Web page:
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Help create health and wellness, grads urged

Karen Jeffrey, center, of Brooklyn, an acupuncture graduate,

Karen Jeffrey, center, of Brooklyn, an acupuncture graduate, celebrates at the 2014 New York College of Health Professions' commencement at the Melville Marriott on May 4, 2014. Credit: Johnny Milano

CLASS OF 2014: New York College of Health Professions

Number of graduates 230; 170 associate degrees, 50 bachelor/master joint degrees, 10 certificates

Commencement speaker Musician George McKenzie Phillips Jr. spoke about performing with family members in the R&B group Starpoint and writing songs for performers such as Milli Vanilli. He composed a song for the college, "New York College, Where You Get the Knowledge," which debuted Sunday.

"You all are now in a unique position, with the education and skills, to have the opportunity to combine the utilization of ancient interventions of healing with some of the most exciting technology of today . . . as you go on to help people make significant changes in their lives that will have great impact on their wellness, the wellness of their families and the wellness of the people in the world community," said Phillips, who works as a behavioral health administrator in Maryland.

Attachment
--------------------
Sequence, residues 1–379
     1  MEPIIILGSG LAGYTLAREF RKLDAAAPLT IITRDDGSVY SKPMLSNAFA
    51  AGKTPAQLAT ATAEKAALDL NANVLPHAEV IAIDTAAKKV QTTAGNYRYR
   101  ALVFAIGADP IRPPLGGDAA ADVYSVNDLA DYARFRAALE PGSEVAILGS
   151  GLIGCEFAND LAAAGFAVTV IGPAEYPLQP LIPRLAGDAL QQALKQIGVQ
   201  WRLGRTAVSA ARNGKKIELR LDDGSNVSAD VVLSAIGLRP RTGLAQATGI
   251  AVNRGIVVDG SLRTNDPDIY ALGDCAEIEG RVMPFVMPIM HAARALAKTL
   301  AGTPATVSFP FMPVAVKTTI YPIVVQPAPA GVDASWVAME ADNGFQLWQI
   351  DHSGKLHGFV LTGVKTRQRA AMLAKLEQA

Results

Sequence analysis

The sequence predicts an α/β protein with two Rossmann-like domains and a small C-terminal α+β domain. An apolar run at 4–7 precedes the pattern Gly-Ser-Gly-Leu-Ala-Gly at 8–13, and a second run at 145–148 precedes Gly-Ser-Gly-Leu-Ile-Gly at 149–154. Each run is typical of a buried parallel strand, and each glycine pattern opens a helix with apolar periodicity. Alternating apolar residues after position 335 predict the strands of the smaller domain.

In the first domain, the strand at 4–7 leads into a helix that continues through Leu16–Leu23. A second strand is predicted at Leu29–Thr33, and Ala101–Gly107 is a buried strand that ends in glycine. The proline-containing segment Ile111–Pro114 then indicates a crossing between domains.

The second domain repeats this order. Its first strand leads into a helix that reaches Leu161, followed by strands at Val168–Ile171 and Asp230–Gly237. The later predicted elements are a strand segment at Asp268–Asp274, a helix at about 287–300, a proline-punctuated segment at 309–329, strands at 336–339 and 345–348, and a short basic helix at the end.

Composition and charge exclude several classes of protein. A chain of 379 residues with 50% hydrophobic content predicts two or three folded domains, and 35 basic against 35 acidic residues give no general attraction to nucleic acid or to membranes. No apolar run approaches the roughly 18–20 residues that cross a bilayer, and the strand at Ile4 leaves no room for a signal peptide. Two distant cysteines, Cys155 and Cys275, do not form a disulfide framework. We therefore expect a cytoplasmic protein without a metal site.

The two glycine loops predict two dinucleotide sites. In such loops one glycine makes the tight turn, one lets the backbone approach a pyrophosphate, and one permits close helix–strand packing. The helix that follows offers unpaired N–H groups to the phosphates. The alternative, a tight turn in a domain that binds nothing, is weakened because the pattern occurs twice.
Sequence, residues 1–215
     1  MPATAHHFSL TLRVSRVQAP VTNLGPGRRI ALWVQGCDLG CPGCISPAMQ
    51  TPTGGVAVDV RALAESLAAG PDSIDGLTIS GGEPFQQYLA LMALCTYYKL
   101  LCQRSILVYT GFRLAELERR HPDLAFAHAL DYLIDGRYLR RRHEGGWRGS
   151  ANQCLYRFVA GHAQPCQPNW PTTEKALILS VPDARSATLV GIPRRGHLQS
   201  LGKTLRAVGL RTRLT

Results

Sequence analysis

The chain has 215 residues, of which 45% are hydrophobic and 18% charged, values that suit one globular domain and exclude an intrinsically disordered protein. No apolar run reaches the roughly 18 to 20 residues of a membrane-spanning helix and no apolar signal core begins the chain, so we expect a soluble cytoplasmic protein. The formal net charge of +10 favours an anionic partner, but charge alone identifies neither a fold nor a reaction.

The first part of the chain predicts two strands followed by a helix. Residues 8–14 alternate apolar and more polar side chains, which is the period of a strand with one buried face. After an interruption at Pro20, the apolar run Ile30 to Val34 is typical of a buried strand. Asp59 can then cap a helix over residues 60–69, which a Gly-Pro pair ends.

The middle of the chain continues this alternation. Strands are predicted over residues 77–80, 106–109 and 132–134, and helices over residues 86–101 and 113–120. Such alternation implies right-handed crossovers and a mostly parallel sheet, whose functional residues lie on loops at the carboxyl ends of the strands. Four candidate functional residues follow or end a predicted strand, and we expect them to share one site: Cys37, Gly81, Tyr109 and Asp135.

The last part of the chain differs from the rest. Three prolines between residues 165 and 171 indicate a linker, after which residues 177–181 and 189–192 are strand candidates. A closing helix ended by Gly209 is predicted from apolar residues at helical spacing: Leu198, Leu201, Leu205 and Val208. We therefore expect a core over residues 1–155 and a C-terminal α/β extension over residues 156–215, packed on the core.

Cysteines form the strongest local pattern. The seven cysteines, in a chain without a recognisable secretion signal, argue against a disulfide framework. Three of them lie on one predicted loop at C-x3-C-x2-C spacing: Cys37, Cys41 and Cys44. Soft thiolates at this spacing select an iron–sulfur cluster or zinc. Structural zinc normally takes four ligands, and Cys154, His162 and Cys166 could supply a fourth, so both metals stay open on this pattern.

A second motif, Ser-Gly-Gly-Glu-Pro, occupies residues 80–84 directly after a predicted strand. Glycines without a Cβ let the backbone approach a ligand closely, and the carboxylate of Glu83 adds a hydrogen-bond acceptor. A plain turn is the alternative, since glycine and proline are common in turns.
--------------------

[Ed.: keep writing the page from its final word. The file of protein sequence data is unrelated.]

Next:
From the graduates:

Angus Towse, 43, oriental medicine

"This is so much more rewarding on a personal level than making things for people who already have too many things," said Towse, of Sea Cliff, who worked as a carpenter before becoming a massage therapist. "I'm going to expand my practice, to offer more services to people."


Demi Braddy, 21, massage therapy

"My passion is to make people feel better . . . I already have a [massage] table in my basement and I plan on working for myself," said Braddy, a postal worker from Laurelton.


Steven Fisher, 35, massage therapy

"Massage therapy brings wellness to the client, and it's a field that goes hand in hand with being a personal trainer, which was what I was doing before going to school," said Fisher, of Rosedale.


Giuseppe Palazzolo, 22, massage therapy

"Working in a pharmacy led me to want to study alternative medicine," said Palazzolo, of Staten Island. "I just thought there has to be a better way to help people." He said he hopes to work in a detox center in Costa Rica.


Casey Ottens, 24, acupuncture

"I love to see people smile, to have them tell me I've made them feel better," said Ottens, of upstate Rhinebeck, who works as a massage therapist at the Waldorf Astoria hotel in Manhattan. She earned her associate degree in massage therapy from the college in 2010.

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